I could start by bombarding you with statistics on how many people now use smartphones vs. desktops, but you’ve probably heard them. I could talk about the importance of making your website usable and readable on mobile, but you’re doubtless already aware of that.
At this point, there’s really only one thing left to say.
Why isn’t your site already mobile-friendly?
If you’re on WordPress, translating your site to the smaller screen is actually quite simple. I can even walk you through it.
First, either make sure you’re using a theme that’s compatible with mobile devices or a mobile optimization plugin. Second, write and design your content considering how users browse on mobile. That’s pretty much all there is to it.
Finding A Mobile-Optimized WordPress Theme
By far, Uncode is one of the best WordPress themes on the market. Not only is it flexible, dynamic, and attractive, it’s designed to have as small a resource footprint as possible.
It’s the perfect choice for a portfolio website or blog. Plus, its high degree of customizability means that no two sites running it will look exactly the same.
If you’re running a storefront through WordPress, you’ll want to go with Hudson. It’s reasonably priced, with a decent update schedule and a ton of advanced features that allow you to create a picture-perfect digital storefront.
Of course, these are just recommendations. You can check out theme directories like Tesla Themes, Theme Forest or Template Monster to see if you find one you like better than the above.
Installing A Mobile Optimization Plugin
If you’d rather not spend time trawling theme libraries or you have a theme of your own you want to use, you can instead choose to install an optimization tool like WPTouch, Touchy, Superfly or AMP. Depending on how heavily your site relies on elements like menus and media, you may want to do both.
Generally speaking, all four of the above plugins have the same feature-set with only minor differences between them. Which one you choose is really up to personal preference. I’d recommend trying out each one to see which is the best fit for your needs.
Tweaking Your Content
Last but certainly not least, let’s talk about content.
Most people who are on their smartphones aren’t going to want to spend twenty minutes or more scrolling through a long-form article. They wouldn’t want to watch an hour-long webinar, either.
When someone arrives at your site via their smartphone, they’re probably not interested in staying for any longer than is strictly necessary.
What that means is they want content that’s streamlined, concise, and easy to digest. If you must include longer-form content, make sure it’s broken up into easily-digestible chunks through headlines or subheads.
And for the love of all that’s holy, never paginate your articles. A user on mobile probably isn’t going to wait for a new page to load just so they can keep reading a piece you’ve published.
Take A Mobile First Approach
Smartphones are the future. Of that, there can be no doubt. If you haven’t already optimized your WordPress site to be both usable and readable on them, you need to do so now.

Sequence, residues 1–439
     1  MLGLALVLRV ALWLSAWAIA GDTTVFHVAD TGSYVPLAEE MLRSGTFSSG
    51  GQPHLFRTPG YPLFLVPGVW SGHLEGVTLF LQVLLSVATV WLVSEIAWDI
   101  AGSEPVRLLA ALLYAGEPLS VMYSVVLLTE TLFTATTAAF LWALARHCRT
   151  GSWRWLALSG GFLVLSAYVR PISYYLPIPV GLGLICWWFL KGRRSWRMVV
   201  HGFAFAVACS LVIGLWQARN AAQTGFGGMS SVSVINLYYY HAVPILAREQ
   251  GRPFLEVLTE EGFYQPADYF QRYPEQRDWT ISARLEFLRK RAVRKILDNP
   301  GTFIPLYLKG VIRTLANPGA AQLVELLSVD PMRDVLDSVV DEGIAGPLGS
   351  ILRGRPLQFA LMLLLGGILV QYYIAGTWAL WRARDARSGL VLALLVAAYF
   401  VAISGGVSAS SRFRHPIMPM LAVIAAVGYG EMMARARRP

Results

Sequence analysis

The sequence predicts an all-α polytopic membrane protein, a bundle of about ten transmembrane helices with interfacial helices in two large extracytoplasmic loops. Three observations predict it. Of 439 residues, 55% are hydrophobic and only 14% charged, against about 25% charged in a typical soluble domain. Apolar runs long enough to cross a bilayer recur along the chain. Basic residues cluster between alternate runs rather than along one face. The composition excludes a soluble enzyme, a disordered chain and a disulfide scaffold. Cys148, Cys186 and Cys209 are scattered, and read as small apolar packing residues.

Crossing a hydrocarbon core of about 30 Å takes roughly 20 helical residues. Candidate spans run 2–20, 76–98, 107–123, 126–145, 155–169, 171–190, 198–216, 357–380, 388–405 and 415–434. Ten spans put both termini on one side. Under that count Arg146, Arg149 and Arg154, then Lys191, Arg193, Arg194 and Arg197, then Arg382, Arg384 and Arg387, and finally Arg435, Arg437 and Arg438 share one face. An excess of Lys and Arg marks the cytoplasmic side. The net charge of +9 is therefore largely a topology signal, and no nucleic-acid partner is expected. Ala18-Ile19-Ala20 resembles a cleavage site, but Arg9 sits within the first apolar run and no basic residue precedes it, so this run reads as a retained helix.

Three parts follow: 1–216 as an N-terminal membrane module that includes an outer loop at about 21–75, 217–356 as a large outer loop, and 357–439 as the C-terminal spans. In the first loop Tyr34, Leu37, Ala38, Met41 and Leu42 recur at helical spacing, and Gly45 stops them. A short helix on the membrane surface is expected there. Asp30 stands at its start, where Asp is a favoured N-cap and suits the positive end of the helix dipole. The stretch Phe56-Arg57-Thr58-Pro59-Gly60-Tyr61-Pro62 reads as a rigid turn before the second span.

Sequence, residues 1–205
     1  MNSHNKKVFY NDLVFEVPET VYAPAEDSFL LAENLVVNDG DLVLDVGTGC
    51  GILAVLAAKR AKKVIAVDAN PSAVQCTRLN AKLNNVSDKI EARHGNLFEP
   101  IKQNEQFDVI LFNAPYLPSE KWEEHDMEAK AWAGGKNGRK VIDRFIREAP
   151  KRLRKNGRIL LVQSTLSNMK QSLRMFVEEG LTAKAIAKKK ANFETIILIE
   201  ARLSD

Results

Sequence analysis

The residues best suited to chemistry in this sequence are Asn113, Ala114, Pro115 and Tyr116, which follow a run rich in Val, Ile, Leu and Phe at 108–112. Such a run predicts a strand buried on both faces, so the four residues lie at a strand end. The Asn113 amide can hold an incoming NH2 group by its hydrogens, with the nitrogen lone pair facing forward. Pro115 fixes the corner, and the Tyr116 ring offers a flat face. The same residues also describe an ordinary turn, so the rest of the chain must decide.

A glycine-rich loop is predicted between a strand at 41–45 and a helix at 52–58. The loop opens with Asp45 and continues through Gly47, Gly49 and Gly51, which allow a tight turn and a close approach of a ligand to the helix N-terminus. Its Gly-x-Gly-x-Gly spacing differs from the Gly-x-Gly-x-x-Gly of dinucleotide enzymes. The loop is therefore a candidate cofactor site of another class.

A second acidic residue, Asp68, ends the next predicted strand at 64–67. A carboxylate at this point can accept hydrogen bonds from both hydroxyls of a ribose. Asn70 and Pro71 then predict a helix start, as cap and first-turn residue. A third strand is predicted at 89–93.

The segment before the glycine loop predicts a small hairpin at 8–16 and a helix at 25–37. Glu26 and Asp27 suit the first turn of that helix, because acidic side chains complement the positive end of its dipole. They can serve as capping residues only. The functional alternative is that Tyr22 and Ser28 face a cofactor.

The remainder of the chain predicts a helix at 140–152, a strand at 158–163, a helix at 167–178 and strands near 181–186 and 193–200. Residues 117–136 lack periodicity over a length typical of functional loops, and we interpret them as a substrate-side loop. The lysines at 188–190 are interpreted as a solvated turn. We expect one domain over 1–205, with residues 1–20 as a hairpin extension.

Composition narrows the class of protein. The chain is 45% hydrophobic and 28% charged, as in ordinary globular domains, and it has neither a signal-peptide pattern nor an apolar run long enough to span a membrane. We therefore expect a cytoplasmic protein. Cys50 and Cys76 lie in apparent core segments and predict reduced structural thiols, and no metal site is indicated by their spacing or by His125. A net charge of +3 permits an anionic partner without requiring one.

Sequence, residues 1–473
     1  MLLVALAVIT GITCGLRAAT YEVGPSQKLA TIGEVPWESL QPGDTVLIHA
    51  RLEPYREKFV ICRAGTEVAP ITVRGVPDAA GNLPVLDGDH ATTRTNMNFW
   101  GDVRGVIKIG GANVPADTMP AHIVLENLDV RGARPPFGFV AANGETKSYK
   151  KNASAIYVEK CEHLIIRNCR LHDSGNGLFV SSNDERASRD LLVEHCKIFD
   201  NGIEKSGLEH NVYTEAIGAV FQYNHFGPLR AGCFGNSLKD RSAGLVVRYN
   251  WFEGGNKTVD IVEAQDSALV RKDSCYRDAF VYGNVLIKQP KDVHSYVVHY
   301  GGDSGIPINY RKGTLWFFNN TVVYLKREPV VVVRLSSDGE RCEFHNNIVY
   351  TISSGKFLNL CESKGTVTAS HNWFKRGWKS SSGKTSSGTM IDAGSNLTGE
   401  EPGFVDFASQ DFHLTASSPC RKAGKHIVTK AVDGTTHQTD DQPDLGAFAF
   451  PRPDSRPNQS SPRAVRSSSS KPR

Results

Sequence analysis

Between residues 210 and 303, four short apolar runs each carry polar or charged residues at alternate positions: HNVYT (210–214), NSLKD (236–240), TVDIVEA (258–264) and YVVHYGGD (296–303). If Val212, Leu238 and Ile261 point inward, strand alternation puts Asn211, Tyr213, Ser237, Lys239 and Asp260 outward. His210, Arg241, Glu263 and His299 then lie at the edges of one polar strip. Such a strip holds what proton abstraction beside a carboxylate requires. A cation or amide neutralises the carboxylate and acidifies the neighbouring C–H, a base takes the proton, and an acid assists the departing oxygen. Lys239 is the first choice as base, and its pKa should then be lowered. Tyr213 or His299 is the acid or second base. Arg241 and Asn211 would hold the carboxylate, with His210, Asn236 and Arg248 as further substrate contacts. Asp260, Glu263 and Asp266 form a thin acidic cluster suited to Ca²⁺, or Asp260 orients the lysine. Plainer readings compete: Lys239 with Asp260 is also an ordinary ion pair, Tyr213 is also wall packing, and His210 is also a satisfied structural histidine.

Otherwise, you’re going to be left in the past.
We’d imagine you’d learn all sorts of things if you were cast as a Marvel superhero.
But what you didn’t think of is how to look cool, as Brie Larson found out when she was training for the role of Captain Marvel.
“I trained for nine months and got super strong,” Larson told Jimmy Kimmel Live. “But then you also have to learn weird things, like how to make a cool face.”
And yes, there is someone who teaches how to do just that. There’s a mix of bending your knees, clenching your fists, and turning your head first. No smiling, of course.
Oh joy, oh rapture, unsubdued, Flickr’s login is no longer tied to Yahoo. The photo-sharing platform announced today that it will roll out a new system to members over the next few weeks that doesn’t require a Yahoo ID. This is welcome news to long-time Flickr users who are still bitter over the requirement, introduced in 2007, two years after Yahoo acquired Flickr, that forced everyone to use Yahoo credentials to sign in. Flickr was acquired by SmugMug in April 2018 and since then, a new login has been “the single most requested feature by our community,” according to a post on the company’s blog.
Flickr may no longer have the same clout as it did in the pre-Instagram era, but many users (like me) have been uploading photos to it for years and still use it as an archive for images taken before smartphones became ubiquitous. The Yahoo login system, however, was a lot more tedious than it needed to be, especially if you did not use Yahoo Mail or its other services and constantly forgot your password. Two enormous data breaches of Yahoo accounts made users even more upset that they were tied into a system that they otherwise never used.
Users still have to use their Yahoo credentials until they get access to the new login process. When that happens, they will be allowed to pick a new login email address and new password. That address will be the only one used by their Flickr account for both authentication and emails from the company.